Sharon Makes Right Turn
02/26/03
Staff Writer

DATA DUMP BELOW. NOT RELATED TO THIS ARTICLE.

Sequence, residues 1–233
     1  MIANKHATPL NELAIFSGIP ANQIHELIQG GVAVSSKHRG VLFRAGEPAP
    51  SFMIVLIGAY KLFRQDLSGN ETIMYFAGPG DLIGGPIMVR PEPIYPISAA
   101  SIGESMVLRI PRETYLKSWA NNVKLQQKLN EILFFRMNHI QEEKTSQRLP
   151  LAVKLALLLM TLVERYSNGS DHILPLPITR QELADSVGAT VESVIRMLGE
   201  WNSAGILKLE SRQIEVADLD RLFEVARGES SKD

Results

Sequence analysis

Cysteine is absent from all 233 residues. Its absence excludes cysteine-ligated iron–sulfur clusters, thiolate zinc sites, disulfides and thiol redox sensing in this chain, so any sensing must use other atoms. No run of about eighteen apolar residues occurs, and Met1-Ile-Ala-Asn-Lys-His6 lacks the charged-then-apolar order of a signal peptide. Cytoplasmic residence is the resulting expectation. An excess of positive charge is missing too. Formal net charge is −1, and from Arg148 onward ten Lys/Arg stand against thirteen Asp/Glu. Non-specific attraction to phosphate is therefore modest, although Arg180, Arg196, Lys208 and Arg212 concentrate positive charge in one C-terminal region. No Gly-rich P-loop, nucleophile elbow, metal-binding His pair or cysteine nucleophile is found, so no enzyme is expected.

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After failing to woo the left-wing Labor Party in pursuit of a unity government, Israeli Prime Minister Ariel Sharon turned in the other direction and tentatively formed a government of largely right-wing parties that many analysts believe will make it more difficult to pursue a peace agreement with the Palestinians. "I don't think it's going to last long," Alon Ben-Meir, project director at the World Policy Institute in Manhattan, said of the new government. "I expect there to be tremendous pressure on Sharon to do something [to advance the peace process], and this government is not going to be able to deliver," he said. "If it stays in its current form, I believe Sharon will have to move to try to bring Labor in or the government will fall." The putative new government would include Sharon's Likud, which merged with Natan Sharansky's Yisrael B'Aliyah Party; the National Religious Party, the traditional representatives of the settlers' movement that advocates building more settlements; the National Union Party, an alliance of three ultra-nationalist factions; and Shinui, the secular party led by Tommy Lapid. Together, they give the new government 68 seats in the 120-member Knesset. Although Sharon appeared able to form a government with ease once Labor stepped out of the picture, the most difficulty he had was in trying to find cabinet positions for his own Likud Party members. In the shuffling of cabinet posts that ensued Wednesday, Sharon's chief rival, Benjamin Netanyahu, was replaced as foreign minister by Silvan Shalom. Netanyahu was offered Shalomís old job as finance minister, which he initially refused but was reportedly reconsidering. About $3 billion needs to be cut from the budget and Israel is also seeking $8 billion in loan guarantees and $4 billion in aid from the U.S. Sharon said in a statement that he hoped Netanyahu would accept the finance ministry because he has "all the talent, experience and ability to fill this role with great success." Rebecca Kook, a professor in the politics and government department at Ben-Gurion University of the Negev, pointed out that by adding to his government the National Union Party, Sharon had embraced the most extreme right-wing party of the 13 parties elected to the Knesset Jan. 28. It is perceived by many as the political heir to the anti-Arab Kach movement founded by Rabbi Meir Kahane, which was banned by the Knesset for its racist views. She pointed out that National Union Party is a collection of three factions led by Avigdor Lieberman and that includes Moledet, the party of Rehavam Zeevi, the tourism minister who was assassinated by Palestinian gunmen in October 2001. "Zeevi openly called for the transfer of Palestinians" from the territories, Kook noted. "And Lieberman is an extreme-right ultra-nationalist who tried to introduce laws that would have forced Israeli Arabs to take an oath to the state or have their citizenship revoked." But Uzi Arad, director of the Institute of Policy and Strategy at the Herzliya Interdisciplinary Center and a former adviser to Prime Minister Benjamin Netanyahu, said the impressions about this being an extreme right-wing government, although prevalent, are wrong. "Shinui is a centrist party and because at least two-thirds of its members are people who ideologically stand on the left, the voice of the left and center will be heard," he said. "This is a center-right coalition: although some may have a desire to characterize it differently." Arad was also hopeful about the peace process, pointing out that Sharon and many of his ministers "are not newcomers." "They have been managing Israel's foreign and defense policy in consultation with the U.S. for the last two years," he said. "The prime minister has met the American president seven times in the last few years, and the foreign policy of Israel is much in line with President [George W.] Bush's policy." 'Road Map' Bumps Even as he was working to assemble a new government, Sharon reportedly took time out to speak with Bush on the phone and assure him that he was still committed to the so-called ìroad mapî for a Palestinian-Israeli peace accord that the U.S. is working on with the United Nations, the European Union and Russia, known as the Quartet. And in a statement Sharon issued this week, he said his government was reviewing with the White House details of the road map Bush unveiled last June 24. But Henry Siegman, a senior fellow at the Council on Foreign Relations, said he is uncertain the road map will ever see the light of day. He pointed out that at Sharon's request, Bush delayed release of the road map until after the Israeli elections and then again until after a new government is formed. "Now the other members of the Quartet expect the U.S. to say it will have to wait until after the Iraqi crisis," Siegman said. "So there is a great deal of skepticism among members of the Quartet that the road map will be released." "I think all of those folks who were saying that in a second term Sharon would be the man who changes his legacy and brings peace [were wrong]," Siegman added. "The make-up of his new government indicates that all of that was wishful thinking. We are likely to see a continuation of a reliance on overwhelming military power to completely defeat the Palestinians, and a refusal to deal with the issue politically through negotiation." Richard Murphy, also of the Council on Foreign Relations, questioned how committed Bush is to pressing Sharon for a peace accord. He noted that Bush's father had pledged in 1990 that as soon as Iraq was forced out of Kuwait, he would devote his full energies to achieving Palestinian-Israeli peace. A year later, Israeli and Palestinian delegates were brought together at the same table in Madrid to begin discussions that eventually led to the Oslo peace accords in 1993. Murphy said he has not detected in George W. Bush the same conviction to resolve this issue. Daniel Pipes, director of the Middle East Forum, said he suspects Sharon just wants to ignore the road map. "Sharon has two priorities: convince the Palestinians that violence is counter-productive, and to have a close relationship with George Bush," he said. "The way Sharon looks at the roadmap is that it was drawn up by the State Department and that he has his own relationship with the president. ...That approach is to just ignore it and hope it goes away. And it might." Economic Attention But a major task of the new government is to get the Israeli economy back on its feet and it is not going to be able to do that unless there is progress towards a peace accord, according to Eytan Gilboa, a political science professor at Bar-Ilan University. He said that even the National Union Party recognizes that linkage and that "if there is not some kind of opening towards an accommodation with the Palestinians, the chances of an economic recovery are not good." With the fervently Orthodox Shas Party out of the government for the first time in years, the new government is in a position to slash some of the funding Shas has built into government budgets in the past, according to Stephen Cohen, national scholar of the Israel Policy Forum. "I think this is a very clear test of the seriousness of this government in terms of whether it is going to make the dramatic changes [necessary] in the structure of Israel's labor force, subsidies to large families and hidden unemployment," he said. Citing reports that the new government would remove bonus subsidies to couples with more than five children, Cohen said: "It's only a thin beginning." Gilboa pointed out that Sharon has met in recent weeks with senior Palestinian officials and that his bureau chief, Dov Weisglass, is heading a team that is reviewing the road map and making suggested changes for White House consideration. Once both sides find the revised agreement acceptable, it is to be brought before the Israeli government for discussion and approval. In agreeing to join the government, the National Union Party reportedly won a promise from Sharon that he would not move ahead with recognizing even a provisional Palestinian state before the matter was presented to the government "if and when it becomes relevant." Bush said he envisions a provisional state this year and a Palestinian state with permanent boundaries in 2005. Once the Iraq situation is resolved, there will be pressure to pursue the road map, according to George Gruen, a senior fellow at the National Committee on American Foreign Policy. He said Bush administration officials have already spoken of believing that if there can be a regime change in Iraq, 'it might serve as the impetus" for democratic change in other parts of the Middle East. Zalman Shoval, a member of Likud and a former ambassador to the United States, said that he believes Sharon's government could serve its entire four-year term, its composition may change if there is movement towards peace with the Palestinians. He suggested that the National Union and National Religious parties may drop out of the government and Labor join as Sharon is compelled to begin dismantling settlements under the terms of a peace accord. Labor Party leader Amram Mitzna, who was reported this week to be considering resigning his post after only three months because of rancor in the party, will be stepping down, Shoval predicted. "It's only a matter of time," he said. "And if there is real progress on the peace front, Labor might well join" the government.